The potential impact to a borrower who has utilized credit to make significant purchases after the initial credit report could include a delay in closing, increase of closing costs and/or interest rate or a decreased loan amount. In the worst case scenario, it could even result in a loan being denied, even after an original approval had been granted.

In order to eliminate any possibility of potential problems before closing, anyone in the application process should use credit sparingly and make sure they adhere to the tips provided below by credit expert, Linda Ferrari of Credit Resource Corp. For more tips on what you should not do regarding credit during the mortgage application process, contact the professionals, Tim and Sandy Williams, who supplied you with this month’s issue of YOU Magazine.

Top 5 Tips for Preserving Your Credit and Mortgage Application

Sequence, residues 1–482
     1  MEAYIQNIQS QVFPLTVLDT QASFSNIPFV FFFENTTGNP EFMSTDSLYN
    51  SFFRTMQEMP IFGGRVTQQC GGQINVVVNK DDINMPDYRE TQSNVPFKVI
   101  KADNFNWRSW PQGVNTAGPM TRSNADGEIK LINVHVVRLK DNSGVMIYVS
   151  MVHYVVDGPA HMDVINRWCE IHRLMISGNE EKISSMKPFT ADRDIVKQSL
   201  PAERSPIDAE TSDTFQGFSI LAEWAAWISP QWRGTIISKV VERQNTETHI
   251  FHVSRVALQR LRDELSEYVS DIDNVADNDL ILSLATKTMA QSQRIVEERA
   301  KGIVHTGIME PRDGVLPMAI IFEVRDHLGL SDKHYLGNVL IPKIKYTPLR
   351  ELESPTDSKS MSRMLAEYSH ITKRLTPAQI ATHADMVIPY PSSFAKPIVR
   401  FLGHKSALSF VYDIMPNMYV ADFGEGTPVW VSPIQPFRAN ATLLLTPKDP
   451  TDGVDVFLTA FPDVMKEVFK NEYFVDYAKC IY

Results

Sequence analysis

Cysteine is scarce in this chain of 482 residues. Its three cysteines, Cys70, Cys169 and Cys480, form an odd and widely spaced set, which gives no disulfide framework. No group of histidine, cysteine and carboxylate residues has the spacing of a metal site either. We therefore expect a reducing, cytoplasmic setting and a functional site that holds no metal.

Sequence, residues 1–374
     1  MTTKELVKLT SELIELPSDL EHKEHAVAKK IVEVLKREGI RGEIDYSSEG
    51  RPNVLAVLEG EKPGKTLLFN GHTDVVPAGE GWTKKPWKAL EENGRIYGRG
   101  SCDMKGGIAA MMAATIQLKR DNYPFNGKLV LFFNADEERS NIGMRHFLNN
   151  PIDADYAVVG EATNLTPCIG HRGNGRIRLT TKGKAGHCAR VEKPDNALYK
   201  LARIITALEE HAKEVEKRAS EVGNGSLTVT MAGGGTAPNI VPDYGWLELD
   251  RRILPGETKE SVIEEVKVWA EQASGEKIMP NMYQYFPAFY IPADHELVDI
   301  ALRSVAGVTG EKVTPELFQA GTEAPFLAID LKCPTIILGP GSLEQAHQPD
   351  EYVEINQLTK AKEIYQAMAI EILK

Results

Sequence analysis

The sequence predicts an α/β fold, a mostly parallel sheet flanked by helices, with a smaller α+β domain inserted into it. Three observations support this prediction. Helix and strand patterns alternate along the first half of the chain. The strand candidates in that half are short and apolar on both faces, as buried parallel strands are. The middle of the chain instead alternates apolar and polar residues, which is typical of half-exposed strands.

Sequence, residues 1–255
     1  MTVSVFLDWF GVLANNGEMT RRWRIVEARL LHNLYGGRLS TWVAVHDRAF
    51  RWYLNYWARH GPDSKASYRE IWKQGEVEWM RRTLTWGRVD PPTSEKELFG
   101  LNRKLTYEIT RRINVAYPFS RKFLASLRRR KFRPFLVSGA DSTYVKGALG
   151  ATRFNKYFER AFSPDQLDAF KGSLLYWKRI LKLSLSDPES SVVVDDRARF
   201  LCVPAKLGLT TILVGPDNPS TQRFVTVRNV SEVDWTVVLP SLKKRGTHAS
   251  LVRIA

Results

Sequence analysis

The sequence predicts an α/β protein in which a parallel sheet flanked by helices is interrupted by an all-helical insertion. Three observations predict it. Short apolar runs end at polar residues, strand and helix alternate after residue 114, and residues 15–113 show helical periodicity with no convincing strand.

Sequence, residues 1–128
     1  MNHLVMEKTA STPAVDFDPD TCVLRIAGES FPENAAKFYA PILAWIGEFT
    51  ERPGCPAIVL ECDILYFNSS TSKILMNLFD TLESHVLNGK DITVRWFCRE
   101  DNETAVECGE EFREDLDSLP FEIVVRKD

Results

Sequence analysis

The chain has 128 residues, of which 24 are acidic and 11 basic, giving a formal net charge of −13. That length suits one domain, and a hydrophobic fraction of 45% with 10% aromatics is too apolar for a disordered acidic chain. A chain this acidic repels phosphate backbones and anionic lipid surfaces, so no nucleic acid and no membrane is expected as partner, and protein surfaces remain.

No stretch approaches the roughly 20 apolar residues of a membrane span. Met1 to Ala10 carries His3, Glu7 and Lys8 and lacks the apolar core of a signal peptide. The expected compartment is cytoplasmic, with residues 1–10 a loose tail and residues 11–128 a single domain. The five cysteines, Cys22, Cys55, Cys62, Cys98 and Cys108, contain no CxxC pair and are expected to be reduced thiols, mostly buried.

1. Don’t do anything that causes a red flag to be raised by the scoring system.
  2. Don’t apply for new credit of any kind.
  3. Don’t pay off collections or charge offs.
  4. Don’t max out or over charge on your credit accounts.
  5. Don’t consolidate your debt onto one or two credit cards.

This list is not comprehensive but does give you a peek into situations that could create issues and could also be contrary to some ideas you have read previously.

Great Opportunities When Offered Should Be Acted Upon

The one key component in home affordability that is at greatest risk today is interest rates. Many experts have stated that interest rates should be higher than their current levels, in some cases a lot higher.

One point to remember is that every 1% increase in interest rates decreases the buying power of an individual by 10% in home price. This means that if you qualify for a home priced at $200,000 today and interest rates increase 1%, the amount you could qualify for would be reduced to approximately $180,000 to maintain the same payment.